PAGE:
The day before my Princeternship was rather hectic. After I finished my neuroscience exam, I quickly packed for my evening flight to San Francisco, where I would be staying in a downtown international hostel. I decided to stay in San Francisco instead of Stanford because I really love major cities and it’s close location to Palo Alto made transportation a breeze! At least, that’s what I expected when I printed out a Google map, left early, but still managed to miss my early train to Milbrae (a Caltrain station – think of Caltrain as a slightly better version of NJ Transit). After a thirty-minute subway ride, I took another thirty-minute Caltrain ride to Palo Alto, the home of Stanford School of Medicine. Since commuting to work is very common, this was a real experience! I ended up arriving right on time and was greeted by a receptionist who told me Dr. Chang was on his way. I spent this waiting time walking around the psychiatry building, absorbing my surroundings: the child and adolescent clinic seemed really warm and inviting, especially with its artwork, children’s games and fish tank.
The clinic’s characteristics contrasted with the serious academic and clinical work of the medical doctors, psychologists and researchers affiliated with the Lucile Packard Children’s Hospital. Dr. Kiki Chang ’88 soon arrived and I followed him to his research group meeting. In a short meeting, Dr. Chang addressed an array of research-related issues for a small group of visiting scholars, research assistants, and lab coordinators. The Comp Lit major I am, I did not understand everything, but learned a little about their research in pediatric bipolar disorder. They use brain scanning as a means of early detection and preventive medicine, especially for children who come from families with a history of the disorder.
After the meeting, I went up to the research wing, where a few assistants showed me several brain images. It was all really interesting! After that, I sat in on one of Dr. Chang’s pediatric consultations while he was supervising a child and adolescent psychiatry fellow. During this meeting, I learned more about the complex nature of PANDAS (Pediatric Autoimmune Neuropsychiatric Disorders Associated with Streptoccocal Infections) and PANS (Pediatric Acute-Onset Neuropsychiatric Syndrome). As the mouthful of names sound, these disorders are really complex because they involve a range of symptoms including autoimmune problems, tics, motor difficulties, OCD, depression, anxiety – just to name a few!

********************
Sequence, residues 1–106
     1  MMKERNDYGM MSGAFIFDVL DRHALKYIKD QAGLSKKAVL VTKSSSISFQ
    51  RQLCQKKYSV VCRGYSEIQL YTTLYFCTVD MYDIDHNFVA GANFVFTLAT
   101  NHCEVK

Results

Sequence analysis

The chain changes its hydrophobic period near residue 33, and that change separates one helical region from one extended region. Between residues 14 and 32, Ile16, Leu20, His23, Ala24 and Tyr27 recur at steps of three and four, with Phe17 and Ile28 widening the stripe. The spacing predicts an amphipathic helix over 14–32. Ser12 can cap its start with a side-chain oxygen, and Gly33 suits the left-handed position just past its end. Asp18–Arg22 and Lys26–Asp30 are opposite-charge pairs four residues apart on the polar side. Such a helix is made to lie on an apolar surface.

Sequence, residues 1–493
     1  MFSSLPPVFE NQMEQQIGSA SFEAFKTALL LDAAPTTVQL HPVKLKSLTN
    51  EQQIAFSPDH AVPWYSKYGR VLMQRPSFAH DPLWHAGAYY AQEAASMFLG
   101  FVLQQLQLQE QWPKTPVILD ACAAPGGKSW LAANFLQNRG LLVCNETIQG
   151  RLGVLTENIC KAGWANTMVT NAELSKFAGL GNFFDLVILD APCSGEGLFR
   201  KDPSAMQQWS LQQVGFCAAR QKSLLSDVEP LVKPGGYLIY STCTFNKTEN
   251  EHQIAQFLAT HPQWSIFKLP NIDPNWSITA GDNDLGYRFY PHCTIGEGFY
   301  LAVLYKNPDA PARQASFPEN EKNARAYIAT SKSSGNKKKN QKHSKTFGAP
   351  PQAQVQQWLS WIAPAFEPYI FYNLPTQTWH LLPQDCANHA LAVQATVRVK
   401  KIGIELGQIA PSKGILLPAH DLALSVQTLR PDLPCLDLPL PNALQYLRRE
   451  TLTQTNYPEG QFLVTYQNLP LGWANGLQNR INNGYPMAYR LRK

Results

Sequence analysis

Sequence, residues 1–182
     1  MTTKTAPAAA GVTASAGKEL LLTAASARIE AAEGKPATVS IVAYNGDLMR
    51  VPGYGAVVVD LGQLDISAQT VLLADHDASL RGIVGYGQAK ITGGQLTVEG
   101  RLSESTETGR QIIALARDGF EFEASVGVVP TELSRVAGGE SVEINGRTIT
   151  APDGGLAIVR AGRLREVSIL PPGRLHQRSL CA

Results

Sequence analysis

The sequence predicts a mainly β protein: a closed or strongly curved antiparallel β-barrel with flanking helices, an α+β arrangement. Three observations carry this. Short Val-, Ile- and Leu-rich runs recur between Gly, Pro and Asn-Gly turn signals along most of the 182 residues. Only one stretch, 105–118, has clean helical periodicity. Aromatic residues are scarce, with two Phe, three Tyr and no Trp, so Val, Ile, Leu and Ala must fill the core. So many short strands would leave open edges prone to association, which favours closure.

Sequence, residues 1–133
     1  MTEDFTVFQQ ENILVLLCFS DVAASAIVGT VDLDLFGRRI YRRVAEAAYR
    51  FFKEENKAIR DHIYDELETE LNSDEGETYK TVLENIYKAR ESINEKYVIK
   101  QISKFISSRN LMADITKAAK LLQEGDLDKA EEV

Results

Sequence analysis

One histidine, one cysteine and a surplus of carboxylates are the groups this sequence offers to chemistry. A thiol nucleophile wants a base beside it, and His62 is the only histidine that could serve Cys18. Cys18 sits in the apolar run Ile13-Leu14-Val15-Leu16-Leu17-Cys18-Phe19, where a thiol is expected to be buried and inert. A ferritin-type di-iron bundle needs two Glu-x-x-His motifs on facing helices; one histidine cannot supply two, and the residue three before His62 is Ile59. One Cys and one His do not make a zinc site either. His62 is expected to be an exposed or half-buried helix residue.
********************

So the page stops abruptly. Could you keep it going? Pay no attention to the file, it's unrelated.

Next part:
Day 2: Thursday, January 24, 2012
Because Dr. Chang was still [technically] on leave, this day was a lot shorter.
In addition to completing some paperwork, he had to undergo a computerized training for the pharmaceutical company that was funding his research. Interestingly, there was a company overseer there to ensure that he was complying with their guidelines. Since the training was all about ethics, I was glad to see how my knowledge of philosophy could be applied to real-world ethical dilemmas! Afterwards, I talked to a few of his research assistants about the clinical projects they were doing. One of them was running a cognitive behavioral therapy group for children and adolescents with bipolar disorder. Another was training a therapy dog named Raleigh.
Day 3: Friday, January 25, 2012
On my last Princeternship day I spent the morning in Dr. Chang’s office for his clinical consultations. Beforehand, I had a great conversation with Dr. Kim, a visiting scholar from South Korea. She told me about the challenges she faced practicing child & adolescent psychiatry in overbooked Korean clinics. As I am interested in comparative international health, our conversation was very enlightening.
At Dr. Chang’s clinic, Dr. Kim and I observed consultations with two families, both with children exhibiting PANS symptoms. At first, I was a little surprised at how murky their illness was. With simpler ailments, doctor’s can make a diagnosis and patients can be assured that the treatment will most likely work. With pediatric psychiatric disorders, there is definitely no cure-all! Diagnosing and treating a pediatric population requires great skill, patience, perseverance and a really great sense of humor. Dr. Chang is definitely the wittiest doctor I ever met and I saw how his humor definitely puts everyone at ease. In such a demanding field, knowing how to communicate with different people is an essential skill. During one of the consultations, a rheumatologist joined Dr. Chang to help address the patient’s autoimmune issues. It was then that I realized how the unique, interdisciplinary approach I take as a comparative literature major could be useful in medicine. Child psychiatry is a specialty that draws on knowledge from other fields, including psychology, neuroscience and pediatrics.
Despite all the difficulties and controversy of child psychiatry, the great hope is that symptoms are alleviated, so that the children can enjoy being children. Some of these kids had to be out of school for weeks at a time, which, as a Princeton student, I could never fathom! All in all, I am extremely grateful to have had the opportunity to shadow the talented Dr. Chang. This Princeternship was extremely rewarding because it gave me some insight into a medical specialty I might be interested in pursuing.